pointer to a vector of pointers

Discussion in 'C++' started by uotani.arisa, Nov 20, 2005.

  1. uotani.arisa

    uotani.arisa Guest

    Hi,

    Can someone tell me how to declare a pointer to a vector of pointers?
    I'm just not sure how to do this...

    I've tried essentially the following:

    vector<string *> * v;

    ....

    void foo( const string a1, vector<string *> * a2 )
    {
    ....
    }

    and I get the following error:

    error C2664: 'foo' : cannot convert parameter 2 from
    'class std::vector<class std::basic_string<char,struct
    std::char_traits<char>,class std::allocator<char> > *,class
    std::allocator<class std::basic_string<char,struct
    std::char_traits<char>,class std::allocator<char> > *> > *'
    to
    'class std::vector<class std::basic_string<char,struct
    std::char_traits<char>,class std::allocator<char> > *,class
    std::allocator<class std::basic_string<char,struct
    std::char_traits<char>,class std::allocator<char> > *> >'

    Any help would be greatly appreciated... Thanks!
     
    uotani.arisa, Nov 20, 2005
    #1
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  2. uotani.arisa

    uotani.arisa Guest

    opps... let me update the code segments:

    vector<string *> * v;
    string s = new string ("blar");
    foo( s, v);
    ...

    void foo( const string a1, vector<string *> * a2 )
    {
    ...
    }

    thanks!
     
    uotani.arisa, Nov 20, 2005
    #2
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  3. uotani.arisa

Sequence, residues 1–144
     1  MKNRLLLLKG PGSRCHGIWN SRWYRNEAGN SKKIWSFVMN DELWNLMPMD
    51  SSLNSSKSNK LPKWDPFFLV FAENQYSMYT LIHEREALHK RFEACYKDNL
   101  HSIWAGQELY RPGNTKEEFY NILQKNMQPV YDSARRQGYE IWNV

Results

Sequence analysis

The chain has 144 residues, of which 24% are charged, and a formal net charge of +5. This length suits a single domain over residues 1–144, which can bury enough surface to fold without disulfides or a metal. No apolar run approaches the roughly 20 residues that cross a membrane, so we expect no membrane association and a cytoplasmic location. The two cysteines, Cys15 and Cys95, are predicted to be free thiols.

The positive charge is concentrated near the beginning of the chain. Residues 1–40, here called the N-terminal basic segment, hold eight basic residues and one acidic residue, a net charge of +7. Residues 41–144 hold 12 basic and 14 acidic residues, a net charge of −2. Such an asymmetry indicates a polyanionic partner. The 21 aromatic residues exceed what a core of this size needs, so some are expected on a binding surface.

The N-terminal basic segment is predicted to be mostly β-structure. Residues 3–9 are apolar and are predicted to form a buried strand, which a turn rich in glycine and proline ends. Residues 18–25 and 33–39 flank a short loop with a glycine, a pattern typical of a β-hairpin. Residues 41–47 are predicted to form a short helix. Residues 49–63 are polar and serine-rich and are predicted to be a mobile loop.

deane_gavin Guest

    You'll need to post more code, following the guidelines in

    http://www.parashift.com/c++-faq-lite/how-to-post.html#faq-5.8

    I put the two lines you say are causing your problem into this program

    #include <vector>
    #include <string>

    void foo(const std::string a1, std::vector<std::string *> * a2 )
    {}

    int main()
    {
    std::string s;
    std::vector<std::string *> * v;

    // assume v is sensibly intialised.
    foo(s, v);

    return 0;
    }

    and it compiles with no errors on Comeau online, so there must be more
    to your problem than you have shown.

    Gavin Deane
     
    deane_gavin, Nov 20, 2005
    #3
  4. uotani.arisa

    uotani.arisa Guest

    oh wow, thanks! i'm still in the process of determining where my error
    is. it's good to know that i can declare it like that. it was my first
    time posting here. i'll read the faq carefully and make sure i follow
    it when posting again. thanks again!
     
    uotani.arisa, Nov 20, 2005
    #4
  5. uotani.arisa

    Phil Staite Guest


    Since you didn't post all your code, and I didn't grovel through the